The hallowed turf of the Sydney Cricket Ground bore witness to a modern day classic between the Rabbitohs and the Tigers as the NRL celebrated 'Heritage Round' in 2009. The Rabbitohs set up for a field-goal with 10 seconds left on the clock, but the Tigers were quick to shut down halfback Craig Wing, forcing him to shift the ball to the right to winger Nathan Merritt. South Sydney's try-scoring machine didn't hesitate and hit the most unlikely of dropkicks to claim the game. 



6. Shaun Johnson breaks English hearts
New Zealand 20 def. England 18; World Cup Semi-Final, 2013

England were desperately holding on to a four-point lead in front of a raucous Wembley crowd with a place in the World Cup Final up for grabs. The stakes could not have been higher. Step up Shaun Johnson to break English hearts. With New Zealand facing elimination from the tournament, Johnson got the ball and was rushed by England halfback Kevin Sinfield, stepped his man cold, before stepping again to score the match-equalling try. England players collapsed to the famous turf, and pandemonium set in, but Johnson still needed to hold his nerve and kick the conversion after the siren to steal victory and send New Zealand into the World Cup decider. 

5. Tigers lose at the death... again
Roosters 19 def. Wests Tigers 15; Qualifying Final, 2010

The Wests Tigers had an unfortunate habit of losing the close ones in 2009 and 2010. The Tigers had this final against the Roosters seemingly signed, sealed and delivered. That was until they lost a scrum against the feed in the last minute, setting up a frantic finish and an epic moment for Braith Anasta. While the game was eventually won in golden point by a Shaun Kenny-Dowall intercept, the game is on our list thanks to Anasta's epic field goal that kept the Roosters' season alive. With time winding down, Anasta called for the ball and – in an all or nothing play – struck a field goal sweetly from a tough position to the game into extra-time. They would go on to reach the grand final just a year after collecting the wooden spoon.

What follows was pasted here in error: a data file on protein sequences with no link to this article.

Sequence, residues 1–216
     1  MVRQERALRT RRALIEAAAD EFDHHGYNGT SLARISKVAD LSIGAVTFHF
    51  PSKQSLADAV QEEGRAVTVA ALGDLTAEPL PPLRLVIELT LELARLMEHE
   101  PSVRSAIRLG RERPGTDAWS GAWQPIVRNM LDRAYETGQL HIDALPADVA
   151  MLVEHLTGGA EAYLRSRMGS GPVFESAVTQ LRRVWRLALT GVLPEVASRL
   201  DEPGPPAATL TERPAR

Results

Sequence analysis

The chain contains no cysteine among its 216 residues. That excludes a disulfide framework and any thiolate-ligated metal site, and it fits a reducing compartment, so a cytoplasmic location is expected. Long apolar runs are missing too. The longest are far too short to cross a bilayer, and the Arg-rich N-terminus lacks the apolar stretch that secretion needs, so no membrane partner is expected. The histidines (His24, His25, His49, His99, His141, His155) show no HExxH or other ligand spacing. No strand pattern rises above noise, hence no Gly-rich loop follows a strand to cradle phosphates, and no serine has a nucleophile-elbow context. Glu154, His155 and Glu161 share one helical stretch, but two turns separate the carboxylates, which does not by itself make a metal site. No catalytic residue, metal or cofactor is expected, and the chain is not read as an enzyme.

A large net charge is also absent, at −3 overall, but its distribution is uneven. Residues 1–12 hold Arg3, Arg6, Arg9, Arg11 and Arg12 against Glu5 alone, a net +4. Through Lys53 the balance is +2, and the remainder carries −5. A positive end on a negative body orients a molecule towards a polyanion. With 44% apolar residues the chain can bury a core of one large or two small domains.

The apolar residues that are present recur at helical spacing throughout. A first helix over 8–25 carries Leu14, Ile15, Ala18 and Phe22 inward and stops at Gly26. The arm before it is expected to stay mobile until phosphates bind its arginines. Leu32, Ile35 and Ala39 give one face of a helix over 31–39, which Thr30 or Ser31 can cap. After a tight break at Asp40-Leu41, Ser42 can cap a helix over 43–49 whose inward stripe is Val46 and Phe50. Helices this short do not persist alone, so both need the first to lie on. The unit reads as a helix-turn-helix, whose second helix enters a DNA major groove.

4. Hazem El Magic
Bulldogs 22 def. Knights 21; Round 20, 2002

The Bulldogs travelled to the home of the 2001 reining premiers off the back of 15 consecutive victories – it had all the makings of a blockbuster encounter, and somehow it exceeded all expectations.  With their incredible winning streak about to end, the Bulldogs rallied and scored in the corner in the 79th minute to trail the Knights by one point. The siren sounded as Hazem El Masri lined up his conversion, with the outcome resting on the beloved winger's magic right boot. The ball hooked perfectly and slide just inside the right upright, with the 'Dogs claiming the most dramatic of victories by a single point. (Their winning streak would be for naught, with the Bulldogs later stripped of their competition points due to salary cap breaches.)